Wednesday, October 10, 2007


My Two Cents on Bungie Parting with Microsoft: simply: win-win-win-win.

  • A win for Microsoft because without this split, I'd imagine the heart of Bungie talent splitting off into either new game development companies or other game development companies, probably a lot less committed to Xbox. Bungie would have become marginalized and mediocre-ized.
  • A win for Bungie because it's a lot easier to hire top talent for Bungie now that the big huge corporation infrastructure is out of the way and their destiny is within their own hands.
  • A win for the local Puget Sound game development community given that a freed up Bungie can kick some more virtuous energy into the local market. It's strange, but more and more the non-Microsoft techies I meet as of late are in game development more often than not.
  • A win for me (yeah, I could use one!): less full-time blue badges! Yeah!

When I read about the rumor of the split from 8bitjoystick the first thing I thought of was BillG using Halo 3 as an attack poodle against Sony's Playstation 3. From Mr. Bishop's blog post on this:

Time described [Bill Gates] as "radiant with bloodlust" over the prospect of using the exclusive Microsoft game to foil the Xbox 360's rival.

"It's perfect," Gates was quoted as saying. "The day Sony launches, and they walk right into Halo 3."

Yeah, that didn't happen, now did it? And I imagine there wasn't joy in Bungieville of being seen as a tool of domination vs. a damn fine game. Oh, wait, they do have some stuff about world domination in their manifesto... well, anyway, to have Monty Burns -- er -- Bill Gates telling you when you're shipping is one less thing they have to worry about.

Now You're Cookin' With Gas: along comes a recent comment:

After reading your blog for a few years I have been inspired to do a bit of my own bloging. Hopefully I will get a few people discussing how to improve MSFT as well. I am focusing on my pet peeve, poor mgmt. I hope it can be a forum where other MSFTies can expose poor mgmt and try to improve their situation by exposing bad practices.

And what does that lead to? Snippet:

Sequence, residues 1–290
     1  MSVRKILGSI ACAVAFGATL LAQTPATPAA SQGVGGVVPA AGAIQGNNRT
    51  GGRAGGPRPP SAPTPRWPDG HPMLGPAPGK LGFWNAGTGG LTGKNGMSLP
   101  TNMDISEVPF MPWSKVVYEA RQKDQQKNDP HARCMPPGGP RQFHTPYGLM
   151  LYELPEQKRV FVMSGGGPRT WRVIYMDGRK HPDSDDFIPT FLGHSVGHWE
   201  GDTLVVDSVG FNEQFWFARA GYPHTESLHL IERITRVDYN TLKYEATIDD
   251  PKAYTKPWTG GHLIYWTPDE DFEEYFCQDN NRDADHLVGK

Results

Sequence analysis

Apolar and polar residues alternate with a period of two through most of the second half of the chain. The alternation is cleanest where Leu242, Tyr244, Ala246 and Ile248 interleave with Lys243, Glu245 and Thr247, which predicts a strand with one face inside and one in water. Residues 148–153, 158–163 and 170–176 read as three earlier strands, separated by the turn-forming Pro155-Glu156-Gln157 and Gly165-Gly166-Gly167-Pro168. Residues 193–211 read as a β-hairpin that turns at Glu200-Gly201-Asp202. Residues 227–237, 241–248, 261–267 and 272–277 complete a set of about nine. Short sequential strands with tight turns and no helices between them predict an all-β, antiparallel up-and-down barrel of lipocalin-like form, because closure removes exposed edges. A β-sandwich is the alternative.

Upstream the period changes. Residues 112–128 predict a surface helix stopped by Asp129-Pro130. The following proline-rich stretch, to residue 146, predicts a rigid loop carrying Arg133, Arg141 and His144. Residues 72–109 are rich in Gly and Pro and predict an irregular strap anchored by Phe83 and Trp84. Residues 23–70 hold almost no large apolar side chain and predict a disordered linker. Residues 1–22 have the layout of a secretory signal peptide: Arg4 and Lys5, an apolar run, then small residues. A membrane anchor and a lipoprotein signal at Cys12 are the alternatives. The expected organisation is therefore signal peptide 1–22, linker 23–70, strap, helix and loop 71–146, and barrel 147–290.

I would like to create a forum to expose both good and bad management within MSFT. When I first came in the door someone said "Working at MSFT can be the best job in the world or the worst, it all depends on who your manager is". This is probably one of the wisest things I was told as a newbe. I have now been around a few years and have lived both worlds many times over. Sadly now I am in the worst job, but looking hopefully for my next Best job in the world at MSFT.

Yowza! And anonymous comments are enabled.

Exit Softly: from comments about Microsoft exit interviews, it seems the recipe is something like:

  • Your boss asks why. If you're leaving because of your boss, stay quiet.
  • Your skip-level or about asks why. This is the only chance you'll have to share as to why you're leaving and hope that something will come of it.
  • HR exit interview happens. A rather perfunctory session.
  • A few months go by.
  • A survey to fill out more information about your exit arrives. Where it goes and what happens with it, no one knows.

Bubba writes about his real exit interview as well and it's along these lines. I'm amazed one of the commenters here said that their boss went to Crazy Town on them when they said they were leaving:

My first level manager simply threatened me and warned me not to bring him down lest he would blacklist me at Microsoft and "pull out the big guns". What a colossal waste of space that guy was... and he's still "managing" at Microsoft in spite of the fact that I informed his superiors of the threats he made. He was just asked to move elsewhere in the company.

Wow. Recycling the hazardous management waste.

Should Microsoft Buy Facebook? Nice comment I'd like to call out a bit of: